Supporting children to develop mental resilience and emotional wellbeing
Having an unhappy child at home can be an unbearably difficult experience. For parents, the ability to juggle demands at work/home and dealing with a distressed child can be agonisingly tough. Battling the feelings and beliefs that we need to be perfect at home and at work, and then drowning in decisions about what to do for the best which can lead to overcompensating in unhelpful ways.
Our behaviour, as parents matters
Hyperactive, highly anxious ‘over parenting’, trying to make things ok and take away their offspring’s sadness is understandable. Many parents have been there, but all it does is create a cycle of worry between parent and child, and possibly cause them to retreat further.
As our children grow, particularly through adolescence, there are major changes happening in the brain. The brain is complex, made up of billions of cells and neurons, all connected in some way. If you think about the complexity of the brain, alongside our children moving through puberty and adjusting to physical and environmental changes through adolescence – it helps parents to recognise that the way children react to things is usually a normal part of their growth, and while it might feel unsettling as a parent, learning how to help them is key.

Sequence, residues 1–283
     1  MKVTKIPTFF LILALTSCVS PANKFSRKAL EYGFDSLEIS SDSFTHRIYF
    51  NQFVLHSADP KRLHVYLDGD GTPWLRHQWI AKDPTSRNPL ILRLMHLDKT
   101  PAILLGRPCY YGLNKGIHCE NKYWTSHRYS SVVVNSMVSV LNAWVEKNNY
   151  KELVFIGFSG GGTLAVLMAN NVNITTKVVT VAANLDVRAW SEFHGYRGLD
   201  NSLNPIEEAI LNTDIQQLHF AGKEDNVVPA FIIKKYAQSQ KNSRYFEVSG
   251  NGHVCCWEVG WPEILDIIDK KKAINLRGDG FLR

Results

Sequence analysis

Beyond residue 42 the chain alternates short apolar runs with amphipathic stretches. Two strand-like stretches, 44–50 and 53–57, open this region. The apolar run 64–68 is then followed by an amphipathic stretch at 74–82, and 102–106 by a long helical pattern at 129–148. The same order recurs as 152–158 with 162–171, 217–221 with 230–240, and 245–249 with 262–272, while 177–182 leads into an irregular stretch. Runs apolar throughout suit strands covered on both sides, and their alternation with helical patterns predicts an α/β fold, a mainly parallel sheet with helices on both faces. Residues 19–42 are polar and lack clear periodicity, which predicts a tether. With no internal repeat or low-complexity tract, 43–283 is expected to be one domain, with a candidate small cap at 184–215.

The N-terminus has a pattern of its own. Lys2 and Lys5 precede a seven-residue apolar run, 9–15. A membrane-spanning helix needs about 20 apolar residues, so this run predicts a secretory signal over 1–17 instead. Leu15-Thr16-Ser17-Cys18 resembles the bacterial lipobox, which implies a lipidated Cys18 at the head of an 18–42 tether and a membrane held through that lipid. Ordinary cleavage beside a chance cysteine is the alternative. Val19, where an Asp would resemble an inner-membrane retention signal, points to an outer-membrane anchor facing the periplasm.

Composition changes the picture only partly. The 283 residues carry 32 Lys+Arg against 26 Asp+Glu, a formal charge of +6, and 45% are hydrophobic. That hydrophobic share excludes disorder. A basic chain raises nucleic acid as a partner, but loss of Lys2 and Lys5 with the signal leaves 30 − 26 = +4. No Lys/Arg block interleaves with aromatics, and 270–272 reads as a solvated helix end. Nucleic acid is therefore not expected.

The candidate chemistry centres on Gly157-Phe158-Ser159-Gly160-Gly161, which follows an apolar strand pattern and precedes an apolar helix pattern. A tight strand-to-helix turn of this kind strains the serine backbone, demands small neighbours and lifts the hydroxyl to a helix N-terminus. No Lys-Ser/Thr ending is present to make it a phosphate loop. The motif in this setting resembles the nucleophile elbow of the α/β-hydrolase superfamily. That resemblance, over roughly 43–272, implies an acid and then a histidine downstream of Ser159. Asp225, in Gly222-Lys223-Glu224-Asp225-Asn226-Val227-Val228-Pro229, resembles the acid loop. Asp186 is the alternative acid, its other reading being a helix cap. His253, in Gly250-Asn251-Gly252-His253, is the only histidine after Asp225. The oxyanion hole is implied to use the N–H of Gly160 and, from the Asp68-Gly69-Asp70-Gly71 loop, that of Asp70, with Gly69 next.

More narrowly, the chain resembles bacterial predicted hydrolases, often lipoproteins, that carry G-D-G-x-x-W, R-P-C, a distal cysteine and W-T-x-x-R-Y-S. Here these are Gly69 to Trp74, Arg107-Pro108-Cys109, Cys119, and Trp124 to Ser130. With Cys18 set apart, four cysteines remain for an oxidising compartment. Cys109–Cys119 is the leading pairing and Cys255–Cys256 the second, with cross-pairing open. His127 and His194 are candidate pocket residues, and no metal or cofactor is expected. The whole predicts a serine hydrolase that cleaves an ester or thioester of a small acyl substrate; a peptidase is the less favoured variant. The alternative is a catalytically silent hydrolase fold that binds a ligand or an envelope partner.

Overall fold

The way we respond as parents enables helpful (or unhelpful) neural pathways to be laid down. Imagine the following 2 scenarios.
Sali is 12 years old and has been invited to join a community art club. She doesn’t know anyone and begins to get a bit anxious about walking through the door on the first night. Her dad feels worried because he doesn’t like her to feel anxious and because he’s worried, he talks a lot (it’s what he does when he’s anxious about things that really matter). He bombards Sali with questions about how she’s feeling and what she is worried about, which in turn makes Sali feel even more anxious, so much so that she says she doesn’t want to go. Her dad feels relieved and tells Sali he can do art at home with her in the comfort of their own home.
Amelia is 12 years old and has been invited to join a community art club. She doesn’t know anyone and begins to get a bit anxious about walking through the door on the first night. Her mum recognises that her anxiety is normal, she isn’t that good at meeting new people either. She asks Amelia what she loves about art and drawing, and how it makes her feel when she’s deep in being creative. She reminds her of the favourite picture that she drew for her and says how proud of her she is for taking up such a great hobby. Amelia’s mum admits that she can get nervous when meeting people for the first time, and explains that she has learnt that taking some long deep breaths in and out, as she counts to 10 helps settle and calm her down and then tells herself, “you can do this, you won’t be the only person that is new, I am going to make some great new friends, the pain is worth the gain”. Amelia agrees that this might be helpful, and says she will give it a go. They arrange to spend some quality time together after the club as a reward for Amelia taking the plunge.
As you read these two scenarios, think about pathways and patterns being laid down in